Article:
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IRG 2: Molecular Crystal Growth Mechanism 

Senior Investigators and Research Projects



defect formation

self-excitable processes

Colloid Chemistry

Robert Kohn


pattern dynamics



Daniella Buccella






Bruce Garetz




Michael Ward

solid state chemistry,

crystal engineering



David Grier

structured light

Mark Tuckerman

theory,  simulation



Bart Kahr

imperfect crystals,

polarization imaging

Marcus Weck

Polymer chemistry

Theory guides subsequent experiments 


Structure and energy underpin all aspects of crystal growth. Despite substantial effort and some progress during the past two decades, predicting molecular crystal structure remains a challenge. The aim of this project is to create new tools for cutting through free energy landscapes in order to identify and rank crystalline polymorphs.





J. Bernstein (NYU Global Professor)

N. Marom (Tulane)

L. Kronik (Weizmann)

A. Rohl (Curtin U., Australia)

L. Yu (U. Wisconsin, Madison)

Y. Zhang (NYU Chem)

Sequence of relative rates of unit cell assembly 


The growth of a crystal can be viewed as a complex reaction mechanism not substantially different from a chemical reaction mechanism: a sequence of structurally well-defined steps whose relative rates are assigned. Crucial to labeling steps in the crystal growth process are assays of the locations of additives that can serve to discriminate symmetry related facets that are dissymmetric on a growing surface.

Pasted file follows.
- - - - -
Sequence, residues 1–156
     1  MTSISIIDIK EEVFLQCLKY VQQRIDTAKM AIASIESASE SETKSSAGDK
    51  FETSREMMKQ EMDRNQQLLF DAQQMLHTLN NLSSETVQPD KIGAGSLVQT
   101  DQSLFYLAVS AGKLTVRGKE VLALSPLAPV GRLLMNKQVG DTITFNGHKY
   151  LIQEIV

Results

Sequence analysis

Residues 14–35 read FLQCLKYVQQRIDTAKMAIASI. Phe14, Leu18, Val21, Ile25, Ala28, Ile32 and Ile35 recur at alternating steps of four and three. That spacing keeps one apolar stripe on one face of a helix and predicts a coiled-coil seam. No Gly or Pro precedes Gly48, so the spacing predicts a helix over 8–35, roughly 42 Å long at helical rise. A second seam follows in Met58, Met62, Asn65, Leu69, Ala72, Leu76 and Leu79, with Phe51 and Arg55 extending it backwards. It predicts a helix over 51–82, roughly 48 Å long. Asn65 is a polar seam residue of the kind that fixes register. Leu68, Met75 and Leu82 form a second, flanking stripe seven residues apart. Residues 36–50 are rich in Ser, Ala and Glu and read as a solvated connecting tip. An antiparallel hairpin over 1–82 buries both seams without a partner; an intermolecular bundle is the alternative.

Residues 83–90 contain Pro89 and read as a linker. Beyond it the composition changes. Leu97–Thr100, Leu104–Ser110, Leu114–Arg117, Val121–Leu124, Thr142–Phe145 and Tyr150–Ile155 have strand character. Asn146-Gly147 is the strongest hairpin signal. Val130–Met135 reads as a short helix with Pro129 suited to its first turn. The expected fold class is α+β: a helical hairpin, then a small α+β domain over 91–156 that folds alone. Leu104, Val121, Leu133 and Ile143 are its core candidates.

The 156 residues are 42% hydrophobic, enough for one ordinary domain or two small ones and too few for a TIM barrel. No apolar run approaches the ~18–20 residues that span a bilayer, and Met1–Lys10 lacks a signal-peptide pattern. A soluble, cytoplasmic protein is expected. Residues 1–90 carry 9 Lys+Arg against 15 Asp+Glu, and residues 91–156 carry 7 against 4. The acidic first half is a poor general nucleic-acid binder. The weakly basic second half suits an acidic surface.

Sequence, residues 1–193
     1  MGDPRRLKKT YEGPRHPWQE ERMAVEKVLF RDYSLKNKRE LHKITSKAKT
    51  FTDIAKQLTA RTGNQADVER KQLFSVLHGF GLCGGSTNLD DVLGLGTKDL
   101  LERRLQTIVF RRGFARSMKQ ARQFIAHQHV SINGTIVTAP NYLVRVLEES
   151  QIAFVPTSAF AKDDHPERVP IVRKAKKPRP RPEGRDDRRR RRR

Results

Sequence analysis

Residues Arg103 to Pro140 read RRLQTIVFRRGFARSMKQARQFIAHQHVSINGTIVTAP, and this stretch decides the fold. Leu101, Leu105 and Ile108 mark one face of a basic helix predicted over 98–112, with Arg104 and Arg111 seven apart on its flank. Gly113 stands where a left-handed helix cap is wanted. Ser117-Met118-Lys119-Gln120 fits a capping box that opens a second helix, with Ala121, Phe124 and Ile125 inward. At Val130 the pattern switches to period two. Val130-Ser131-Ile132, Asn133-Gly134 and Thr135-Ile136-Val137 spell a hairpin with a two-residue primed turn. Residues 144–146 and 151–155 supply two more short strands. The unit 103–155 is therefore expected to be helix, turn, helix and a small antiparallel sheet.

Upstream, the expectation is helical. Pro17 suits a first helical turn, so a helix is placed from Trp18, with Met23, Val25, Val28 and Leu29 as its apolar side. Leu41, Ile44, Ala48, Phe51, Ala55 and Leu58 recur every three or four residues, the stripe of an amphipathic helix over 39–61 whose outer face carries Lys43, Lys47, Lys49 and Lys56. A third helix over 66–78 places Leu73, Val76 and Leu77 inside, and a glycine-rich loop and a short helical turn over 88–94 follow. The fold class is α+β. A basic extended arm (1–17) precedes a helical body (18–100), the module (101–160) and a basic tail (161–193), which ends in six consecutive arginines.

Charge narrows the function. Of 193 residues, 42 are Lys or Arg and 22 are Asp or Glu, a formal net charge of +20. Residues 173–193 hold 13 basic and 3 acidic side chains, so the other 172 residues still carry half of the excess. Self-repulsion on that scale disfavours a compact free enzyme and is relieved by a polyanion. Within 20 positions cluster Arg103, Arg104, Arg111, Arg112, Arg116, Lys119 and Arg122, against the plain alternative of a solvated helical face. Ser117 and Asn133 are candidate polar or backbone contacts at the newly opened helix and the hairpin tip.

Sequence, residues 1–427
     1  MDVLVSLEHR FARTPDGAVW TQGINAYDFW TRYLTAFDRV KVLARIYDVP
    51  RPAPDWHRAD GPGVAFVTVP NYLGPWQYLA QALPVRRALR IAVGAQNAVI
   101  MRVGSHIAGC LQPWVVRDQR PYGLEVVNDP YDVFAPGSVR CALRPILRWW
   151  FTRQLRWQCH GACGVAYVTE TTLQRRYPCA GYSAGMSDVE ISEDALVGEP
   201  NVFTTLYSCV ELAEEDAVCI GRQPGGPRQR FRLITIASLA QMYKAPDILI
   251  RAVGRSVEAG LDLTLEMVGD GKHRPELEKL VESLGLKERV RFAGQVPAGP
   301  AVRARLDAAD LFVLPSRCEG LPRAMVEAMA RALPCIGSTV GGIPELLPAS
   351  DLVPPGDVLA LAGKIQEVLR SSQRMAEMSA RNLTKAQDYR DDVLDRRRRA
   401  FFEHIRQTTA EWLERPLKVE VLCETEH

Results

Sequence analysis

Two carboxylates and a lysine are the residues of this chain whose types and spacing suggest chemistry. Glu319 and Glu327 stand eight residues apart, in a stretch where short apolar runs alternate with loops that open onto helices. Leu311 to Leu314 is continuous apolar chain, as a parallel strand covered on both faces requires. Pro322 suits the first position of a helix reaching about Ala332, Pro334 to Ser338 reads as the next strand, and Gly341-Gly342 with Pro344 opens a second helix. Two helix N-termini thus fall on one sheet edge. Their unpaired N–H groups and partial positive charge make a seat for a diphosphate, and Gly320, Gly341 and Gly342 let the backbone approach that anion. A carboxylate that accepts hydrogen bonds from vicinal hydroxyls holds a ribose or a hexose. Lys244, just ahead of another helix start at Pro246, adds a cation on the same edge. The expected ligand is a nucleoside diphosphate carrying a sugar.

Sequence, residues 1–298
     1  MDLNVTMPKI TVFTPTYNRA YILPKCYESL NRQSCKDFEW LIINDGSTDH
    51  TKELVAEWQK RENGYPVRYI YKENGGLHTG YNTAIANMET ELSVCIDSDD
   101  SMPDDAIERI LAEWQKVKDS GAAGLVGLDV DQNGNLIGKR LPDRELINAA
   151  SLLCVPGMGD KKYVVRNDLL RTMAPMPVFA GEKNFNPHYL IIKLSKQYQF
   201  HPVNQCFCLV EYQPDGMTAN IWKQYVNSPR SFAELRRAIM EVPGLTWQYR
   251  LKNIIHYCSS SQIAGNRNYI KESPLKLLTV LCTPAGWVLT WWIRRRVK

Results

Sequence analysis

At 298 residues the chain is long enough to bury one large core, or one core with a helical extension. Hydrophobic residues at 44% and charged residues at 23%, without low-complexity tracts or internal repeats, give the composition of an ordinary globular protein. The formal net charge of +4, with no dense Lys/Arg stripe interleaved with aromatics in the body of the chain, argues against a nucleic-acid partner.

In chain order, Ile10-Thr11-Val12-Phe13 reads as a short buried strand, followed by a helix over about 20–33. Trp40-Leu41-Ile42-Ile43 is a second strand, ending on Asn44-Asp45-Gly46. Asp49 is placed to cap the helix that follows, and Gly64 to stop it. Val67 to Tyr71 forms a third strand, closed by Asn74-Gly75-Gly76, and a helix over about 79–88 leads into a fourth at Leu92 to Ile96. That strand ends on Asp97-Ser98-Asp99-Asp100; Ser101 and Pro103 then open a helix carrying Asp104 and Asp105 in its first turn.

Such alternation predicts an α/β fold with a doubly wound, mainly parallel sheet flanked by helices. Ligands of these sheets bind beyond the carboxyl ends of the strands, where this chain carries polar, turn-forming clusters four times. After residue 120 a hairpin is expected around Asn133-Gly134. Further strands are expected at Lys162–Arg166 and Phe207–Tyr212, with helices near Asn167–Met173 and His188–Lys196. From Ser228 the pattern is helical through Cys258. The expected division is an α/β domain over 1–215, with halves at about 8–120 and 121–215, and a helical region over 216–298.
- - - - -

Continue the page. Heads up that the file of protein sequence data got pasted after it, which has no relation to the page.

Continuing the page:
J. Chmielewski (Purdue)

K. Kirshenbaum (NYU Chem.)

J. M. McBride (Yale)

Elastic and plastic distortions in growing crystals and polycrystal pattern formation 


Additive are essential not only in revealing stepwise mechanisms at the unit cell level, they determine the macroscopic consequences of a crystallization process, the morphology of single crystals. A great variety of recently discovered additive-induced distortions of crystals depend critically on supramolecular selectivity and on the poorly understood elasticity and plasticity of molecular crystals to be analyzed here.




D. Hooks (LANL)

P. Naumov (NYU Abu Dhabi)

K. V. Stojanoff (Brookhaven)



Induced nucleation with structured light and in confinment


Advances in the science of crystal nucleation rely on the generation of nuclei with spatiotemporal control. IRG 2 researchers will minimize the stochastic nature of crystal nucleation with light fields and with tailor-made crystallization containers. Light will be used to sieve nuclei of different polymorphs that form concomitantly, obviating the need for control in practical cases where the kinetics of nucleation and growth of distinct polymorphs are closely matched.






S. Arnold (NYU.POLY Appl. Phys.)

Origin and structure of growth active dislocations


The study of the kinetics of growth spiral propagation has advanced spectacularly with the rise of realtime in situ AFM. This work has animated the growth of hillocks that arise from emergent screw dislocations, and provided kinetic data that can be reduced to activation parameters associated with step advancement across crystal faces. Unfortunately, these studies do not reveal the origin of growth spirals or their core structures, critical aspects of molecular crystal growth mechanisms. Moreover, understanding dislocation formation is a first step in controlling their formation. Defect free molecular crystals are critical to performance, particularly in applications involving charge transport.

Jin Montclare